The 2016 election of President Donald Trump brought political controversy to the UC Berkeley campus, and now that an impeachment inquiry is underway, campus and city of Berkeley officials have noted that the controversy is likely to continue into the forthcoming election year.
In September, an anonymous whistleblower complaint prompted House Speaker Nancy Pelosi to open up an investigation into Trump’s July 25 phone call with Ukranian President Volodymyr Zelensky. With an investigation underway, Berkeley officials and UC Berkeley students have mixed feelings.
“It is deeply concerning the extent of the gaslighting that is taking place in an attempt to undermine the impeachment process,” said Stefan Elgstrand, Berkeley Mayor Jesse Arreguín’s spokesperson, in an email. “From attacking witnesses in real-time through tweets to supporting the long-debunked conspiracy theory created by the Russian government that claims Ukraine had interfered in the 2016 election, this narrative only further intensifies the division that has polluted our politics over the last few years.”
Berkeley City Councilmember Kate Harrison sees the controversy surrounding the current administration as fostering “cynicism” among the politically engaged population in Berkeley.
The 2016 election also left a mark on the UC Berkeley campus and has dissuaded some politically minded students from wanting to pursue careers in the federal government, according to Varsha Sarveshwar, the ASUC external affairs vice president.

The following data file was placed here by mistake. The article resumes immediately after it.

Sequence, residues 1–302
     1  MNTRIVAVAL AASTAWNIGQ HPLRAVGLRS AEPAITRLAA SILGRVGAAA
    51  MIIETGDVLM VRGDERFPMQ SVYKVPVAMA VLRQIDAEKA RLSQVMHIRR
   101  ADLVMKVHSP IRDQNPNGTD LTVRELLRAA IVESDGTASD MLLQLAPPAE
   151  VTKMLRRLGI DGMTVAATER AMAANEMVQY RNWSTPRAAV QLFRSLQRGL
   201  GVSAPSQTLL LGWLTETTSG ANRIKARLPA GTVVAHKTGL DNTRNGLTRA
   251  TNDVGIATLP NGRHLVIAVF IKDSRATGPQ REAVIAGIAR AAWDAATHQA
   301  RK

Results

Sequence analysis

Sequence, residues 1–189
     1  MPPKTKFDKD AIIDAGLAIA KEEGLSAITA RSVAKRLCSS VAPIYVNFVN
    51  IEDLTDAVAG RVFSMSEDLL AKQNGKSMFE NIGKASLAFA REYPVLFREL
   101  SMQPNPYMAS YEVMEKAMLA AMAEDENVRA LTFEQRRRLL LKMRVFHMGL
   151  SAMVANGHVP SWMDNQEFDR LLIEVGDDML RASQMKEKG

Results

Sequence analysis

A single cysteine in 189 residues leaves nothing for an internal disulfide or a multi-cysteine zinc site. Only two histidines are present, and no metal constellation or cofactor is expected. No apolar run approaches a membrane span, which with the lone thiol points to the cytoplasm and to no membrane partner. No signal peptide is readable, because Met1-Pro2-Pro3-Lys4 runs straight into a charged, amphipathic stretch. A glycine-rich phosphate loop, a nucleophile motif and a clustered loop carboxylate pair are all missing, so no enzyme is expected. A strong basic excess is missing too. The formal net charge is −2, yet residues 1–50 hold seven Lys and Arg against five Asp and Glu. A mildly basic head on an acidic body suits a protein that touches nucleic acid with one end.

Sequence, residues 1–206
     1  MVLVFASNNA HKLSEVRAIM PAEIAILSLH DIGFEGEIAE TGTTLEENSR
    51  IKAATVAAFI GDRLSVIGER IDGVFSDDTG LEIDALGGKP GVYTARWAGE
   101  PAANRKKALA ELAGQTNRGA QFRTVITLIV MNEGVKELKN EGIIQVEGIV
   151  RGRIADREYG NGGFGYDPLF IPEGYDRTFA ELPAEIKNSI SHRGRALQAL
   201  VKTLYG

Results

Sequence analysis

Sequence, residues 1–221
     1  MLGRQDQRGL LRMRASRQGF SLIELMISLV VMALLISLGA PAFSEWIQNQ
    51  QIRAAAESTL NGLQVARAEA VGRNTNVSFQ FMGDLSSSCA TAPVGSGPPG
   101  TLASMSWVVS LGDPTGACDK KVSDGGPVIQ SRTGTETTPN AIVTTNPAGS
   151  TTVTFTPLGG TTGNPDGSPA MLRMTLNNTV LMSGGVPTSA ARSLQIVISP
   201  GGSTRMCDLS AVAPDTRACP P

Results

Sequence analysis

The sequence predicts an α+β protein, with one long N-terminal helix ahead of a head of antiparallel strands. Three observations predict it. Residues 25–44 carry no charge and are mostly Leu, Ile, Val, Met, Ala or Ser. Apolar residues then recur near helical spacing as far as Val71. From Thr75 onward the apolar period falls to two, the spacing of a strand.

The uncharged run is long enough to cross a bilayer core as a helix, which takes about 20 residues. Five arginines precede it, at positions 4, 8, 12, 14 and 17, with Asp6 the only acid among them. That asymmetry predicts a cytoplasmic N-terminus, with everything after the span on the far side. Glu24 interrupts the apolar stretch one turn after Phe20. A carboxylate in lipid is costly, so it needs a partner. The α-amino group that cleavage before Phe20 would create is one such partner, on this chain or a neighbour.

“The Trump administration has tried to rescind the DACA (Deferred Action for Childhood Arrivals) program — the 1,700 (campus) students who are currently DACA recipients may lose that status,” Sarveshwar said. “Everything we’re doing right now is about trying to prevent bad things from happening as opposed to making good things happen, which is an unfortunate situation to be in.”
Campus political science associate professor Terri Bimes said although there is strong evidence pointing toward an alleged “quid pro quo” transaction between Trump and Zelensky, the frequent mention of impeachment since Trump’s election in 2016 might somewhat deflate the argument for the current inquiry, making it easier to dismiss the allegations as a partisan move by Democrats.
Berkeley College Republicans is one campus organization to have taken such a stance on the issue. Rudra Reddy, BCR external vice president and former Daily Californian columnist, said in an email that the launch of an impeachment inquiry is an attempt by congressional Democrats to cast doubt on Trump moving into the 2020 election year.
“What makes the stench of partisanship stronger is the fact that they’ve chosen to impeach the President on a policy area where the executive has the most discretion, foreign policy,” Reddy said in the email. “The restrictions placed on House Republicans when they attempt to subpoena witnesses or testimony further substantiate the claim that this a partisan attempt to weaken President Trump going into next year’s election.”
Although the impeachment inquiry may play a part in Democratic campaigning for 2020, Bimes said she suspects it will not be the main concern.
Bimes added that she has seen a willingness among students to set aside objections and engage in productive political discourse.
“A lot of times, Berkeley students are framed as being strident. … I’m very impressed by my students and how willing they are to look to the other side,” Bimes said. “A classroom can bring together students of different ideological viewpoints. I don’t think there’s a lot of places like that that exist.”